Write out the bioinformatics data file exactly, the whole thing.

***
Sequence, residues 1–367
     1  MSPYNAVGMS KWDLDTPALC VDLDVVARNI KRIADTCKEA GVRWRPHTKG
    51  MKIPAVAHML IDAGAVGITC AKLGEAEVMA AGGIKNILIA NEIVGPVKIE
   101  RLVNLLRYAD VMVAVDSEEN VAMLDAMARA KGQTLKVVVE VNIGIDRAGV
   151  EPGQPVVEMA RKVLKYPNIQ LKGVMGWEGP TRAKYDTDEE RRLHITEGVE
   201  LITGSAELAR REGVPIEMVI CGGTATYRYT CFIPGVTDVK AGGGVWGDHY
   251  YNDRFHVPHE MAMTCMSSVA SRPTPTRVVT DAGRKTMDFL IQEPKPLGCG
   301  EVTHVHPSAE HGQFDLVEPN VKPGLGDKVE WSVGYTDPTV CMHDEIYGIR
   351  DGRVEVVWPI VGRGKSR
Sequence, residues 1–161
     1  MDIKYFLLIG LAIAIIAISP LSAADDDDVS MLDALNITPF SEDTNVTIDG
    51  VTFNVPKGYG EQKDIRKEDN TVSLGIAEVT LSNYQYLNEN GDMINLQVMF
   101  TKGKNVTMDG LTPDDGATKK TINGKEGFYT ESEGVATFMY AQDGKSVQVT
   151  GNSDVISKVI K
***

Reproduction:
Sequence, residues 1–367
     1  MSPYNAVGMS KWDLDTPALC VDLDVVARNI KRIADTCKEA GVRWRPHTKG
    51  MKIPAVAHML IDAGAVGITC AKLGEAEVMA AGGIKNILIA NEIVGPVKIE
   101  RLVNLLRYAD VMVAVDSEEN VAMLDAMARA KGQTLKVVVE VNIGIDRAGV
   151  EPGQPVVEMA RKVLKYPNIQ LKGVMGWEGP TRAKYDTDEE RRLHITEGVE
   201  LITGSAELAR REGVPIEMVI CGGTATYRYT CFIPGVTDVK AGGGVWGDHY
   251  YNDRFHVPHE MAMTCMSSVA SRPTPTRVVT DAGRKTMDFL IQEPKPLGCG
   301  EVTHVHPSAE HGQFDLVEPN VKPGLGDKVE WSVGYTDPTV CMHDEIYGIR
   351  DGRVEVVWPI VGRGKSR
Sequence, residues 1–161
     1  MDIKYFLLIG LAIAIIAISP LSAADDDDVS MLDALNITPF SEDTNVTIDG
    51  VTFNVPKGYG EQKDIRKEDN TVSLGIAEVT LSNYQYLNEN GDMINLQVMF
   101  TKGKNVTMDG LTPDDGATKK TINGKEGFYT ESEGVATFMY AQDGKSVQVT
   151  GNSDVISKVI K